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Chess News
  1. Rounds 4 and 5 of the three events that make up the Madrid Chess Festival took place on Wednesday. The Closed A tournament has Levy Rozman, also known as Gotham Chess, topping the standings with 4/5 points. The famous streamer defeated Cuban GM Lelys Martínez with the white pieces in round 5. Meanwhile, three players are sharing the lead in the Closed B event, which has 10-year-old Faustino Oro in fifth place with a fifty-percent score. | Photo: Federico Marín’s X account
  2. In this very instructive, and informative game, Svitlana managed to draw against a strong, Canadian IM. But the truth is, she almost had to forfeit the game! The reason for Svitlana arriving far too late to the game, and what you can learn from the opening, middle game with hanging pawns, and endgame technique, you will see in the video.
  3. It is startling to think that eight years have already passed by since the death, at the comparatively early age of 68, of the world’s greatest chess trainer. It is equally startling to think that there will be a whole generation of chess players who know nothing about Mark Dvoretsky, his work or his achievements. Fortunately there is a new book from New in Chess to remind the chess world about Mark Dvoretsky. CHESS Magazine review by Sean Marsh.
  4. In this section we compare the risks playing a game of chess brings to your life – as compared to other activities a person may undertake. For example, riding a bike for 25 miles, running a marathon, climbing Matterhorn – or marrying Henry VIII. The assessment is given in micromort units, which can be used to generally calculate the risks under which people are in everyday life. | Picture Willie Benegas and Doug Pierson on Mountainmadness.com
  5. In the 1971 Candidate Matches Bobby Fischer faced Mark Taimanov In Vancouver, Canada. The American defeated his opponent from the Soviet Union with a "dry" 6-0 score. But matters could have started differently. In the first game it was Taimanov who put on the pressure, and even had winning chances. He played 27.h3, which nobody considered a bad move – until Kasparov pointed out its defect in 2004. Today's riddle deals with the position before White's 27th move. Computers find it devilishly difficult to find the best continuation. Can you?
  6. Why is the rook’s pawn called the "worst enemy of the knight"? How do you make best use of the "Knight Check Shadow" and when should you enter the "Karpov Distance"? In the new ChessBase Magazine #219, Karsten Mueller shows you the most important techniques in the endgame with knight against pawn(s) in part #9 of his series "Fundamental Endgame Knowledge". Take the chance and test your technique in two interactive training videos in this week’s CBM reading sample. Have fun!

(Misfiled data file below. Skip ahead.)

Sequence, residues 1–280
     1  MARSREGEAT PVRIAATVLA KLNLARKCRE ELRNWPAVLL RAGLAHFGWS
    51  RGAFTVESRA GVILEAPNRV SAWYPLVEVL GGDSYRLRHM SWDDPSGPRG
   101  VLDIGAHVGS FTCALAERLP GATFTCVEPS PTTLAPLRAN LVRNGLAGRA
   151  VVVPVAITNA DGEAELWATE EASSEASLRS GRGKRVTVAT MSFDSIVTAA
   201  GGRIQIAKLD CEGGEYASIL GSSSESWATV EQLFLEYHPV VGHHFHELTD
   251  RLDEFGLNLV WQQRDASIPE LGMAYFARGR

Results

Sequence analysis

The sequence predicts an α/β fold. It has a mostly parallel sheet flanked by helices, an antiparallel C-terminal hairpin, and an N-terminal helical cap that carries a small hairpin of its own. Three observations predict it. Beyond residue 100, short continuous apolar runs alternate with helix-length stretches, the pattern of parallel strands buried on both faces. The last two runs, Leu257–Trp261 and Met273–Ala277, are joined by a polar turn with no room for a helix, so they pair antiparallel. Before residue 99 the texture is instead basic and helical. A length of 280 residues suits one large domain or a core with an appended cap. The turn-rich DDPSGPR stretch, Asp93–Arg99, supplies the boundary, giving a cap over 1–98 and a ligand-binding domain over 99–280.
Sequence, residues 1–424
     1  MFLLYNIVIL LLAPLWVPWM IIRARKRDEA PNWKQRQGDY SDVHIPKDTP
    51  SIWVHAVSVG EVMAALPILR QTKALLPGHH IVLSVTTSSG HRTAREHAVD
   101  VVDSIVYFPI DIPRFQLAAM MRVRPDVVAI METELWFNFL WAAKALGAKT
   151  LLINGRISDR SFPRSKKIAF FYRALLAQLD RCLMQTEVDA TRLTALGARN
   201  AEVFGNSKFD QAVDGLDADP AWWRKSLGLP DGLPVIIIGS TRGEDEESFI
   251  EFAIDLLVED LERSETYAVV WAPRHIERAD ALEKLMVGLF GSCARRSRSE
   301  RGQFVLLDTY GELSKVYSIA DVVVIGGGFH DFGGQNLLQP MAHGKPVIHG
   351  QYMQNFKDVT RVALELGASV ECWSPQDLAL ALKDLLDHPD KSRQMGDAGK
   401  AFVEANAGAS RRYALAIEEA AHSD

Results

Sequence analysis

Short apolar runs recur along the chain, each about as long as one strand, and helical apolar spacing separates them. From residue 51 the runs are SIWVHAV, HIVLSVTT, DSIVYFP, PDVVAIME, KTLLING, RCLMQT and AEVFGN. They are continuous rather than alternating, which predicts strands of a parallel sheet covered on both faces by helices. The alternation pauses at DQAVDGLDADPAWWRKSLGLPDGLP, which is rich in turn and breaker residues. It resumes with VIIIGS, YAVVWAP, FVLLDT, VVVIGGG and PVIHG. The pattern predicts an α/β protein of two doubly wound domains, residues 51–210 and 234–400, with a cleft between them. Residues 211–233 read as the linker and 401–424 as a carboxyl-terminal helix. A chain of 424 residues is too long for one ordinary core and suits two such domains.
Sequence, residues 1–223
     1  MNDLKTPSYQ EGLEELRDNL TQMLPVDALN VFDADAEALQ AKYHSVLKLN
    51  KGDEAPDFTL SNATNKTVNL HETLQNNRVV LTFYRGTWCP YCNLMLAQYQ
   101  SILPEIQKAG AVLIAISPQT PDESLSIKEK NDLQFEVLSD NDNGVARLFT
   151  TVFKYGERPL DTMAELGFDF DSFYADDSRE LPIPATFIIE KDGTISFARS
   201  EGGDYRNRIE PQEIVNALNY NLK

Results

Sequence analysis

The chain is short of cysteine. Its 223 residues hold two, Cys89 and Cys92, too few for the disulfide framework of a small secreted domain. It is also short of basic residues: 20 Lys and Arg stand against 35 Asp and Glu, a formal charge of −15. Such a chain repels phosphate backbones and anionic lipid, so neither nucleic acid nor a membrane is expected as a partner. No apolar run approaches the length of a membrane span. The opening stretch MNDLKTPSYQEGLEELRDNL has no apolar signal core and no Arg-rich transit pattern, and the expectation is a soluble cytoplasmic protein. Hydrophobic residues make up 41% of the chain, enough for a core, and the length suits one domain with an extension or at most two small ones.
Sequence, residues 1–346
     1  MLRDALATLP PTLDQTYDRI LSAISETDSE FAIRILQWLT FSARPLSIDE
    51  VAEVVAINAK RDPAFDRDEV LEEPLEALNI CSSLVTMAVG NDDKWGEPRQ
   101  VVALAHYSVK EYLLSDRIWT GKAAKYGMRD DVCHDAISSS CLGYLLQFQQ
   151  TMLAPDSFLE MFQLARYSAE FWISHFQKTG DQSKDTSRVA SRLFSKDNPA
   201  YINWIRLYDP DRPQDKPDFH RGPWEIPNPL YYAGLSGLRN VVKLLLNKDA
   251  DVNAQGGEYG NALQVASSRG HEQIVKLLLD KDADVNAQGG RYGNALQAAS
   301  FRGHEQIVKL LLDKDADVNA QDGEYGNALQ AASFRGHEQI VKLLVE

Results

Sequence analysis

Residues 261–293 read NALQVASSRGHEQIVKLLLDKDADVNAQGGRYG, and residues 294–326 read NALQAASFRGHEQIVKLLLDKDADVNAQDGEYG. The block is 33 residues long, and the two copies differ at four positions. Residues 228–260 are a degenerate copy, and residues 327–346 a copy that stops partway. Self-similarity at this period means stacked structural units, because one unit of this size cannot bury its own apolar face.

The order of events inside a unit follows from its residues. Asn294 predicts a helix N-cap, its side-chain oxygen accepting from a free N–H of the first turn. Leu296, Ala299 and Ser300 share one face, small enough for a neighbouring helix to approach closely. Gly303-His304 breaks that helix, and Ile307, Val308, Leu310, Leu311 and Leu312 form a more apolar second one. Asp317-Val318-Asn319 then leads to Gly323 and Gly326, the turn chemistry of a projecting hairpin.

7. He was the coach of the USSR Youth National team from the mid-60s, until the collapse of the Soviet Union – a driving force behind the great generations of Soviet chess, but always in the shadow. On 30 April Anatoly Awraamowitsch Bykhovsky celebrates his 90th birthday. Chess Trainer Adrian Mykhalchyshyn describes the career of the man who helped created the chess zenith of the USSR.
  8. During the endgame, stalemate is a resource that can enable the player with the inferior position to draw the game rather than lose. In more complex positions, stalemate is much rarer, usually taking the form of a swindle that succeeds only if the superior side is inattentive. Chess Trainer GM Efstratios Grivas shows us how a "mad rook" can complicate matters for the superior side.
  9. He was born on 3 June 2011 in Bursa, Turkey. On April 1st (no April Fool's joke) the twelve-year-old, playing in the very strong GRENKE Chess Open, Yagiz Kaan Erdpgmus scored 7.0/9 points with a 2646 performance. With that he had fulfilled his final GM norm and become the youngest grandmaster in the world – the fourth youngest in chess history. We will be watching this young boy carefully. | Photo Ugur Medya
  10. Svitlana dug deep to find some outstanding, beautiful tactics, by all the men's and women's candidates, who will compete in Toronto soon. Arne is trying hard to solve all the puzzles, and get 8 out of 8 in both videos. Will he succeed? And how will you do, dear viewer? These two videos are the perfect start to get into the mood for the candidates tournament!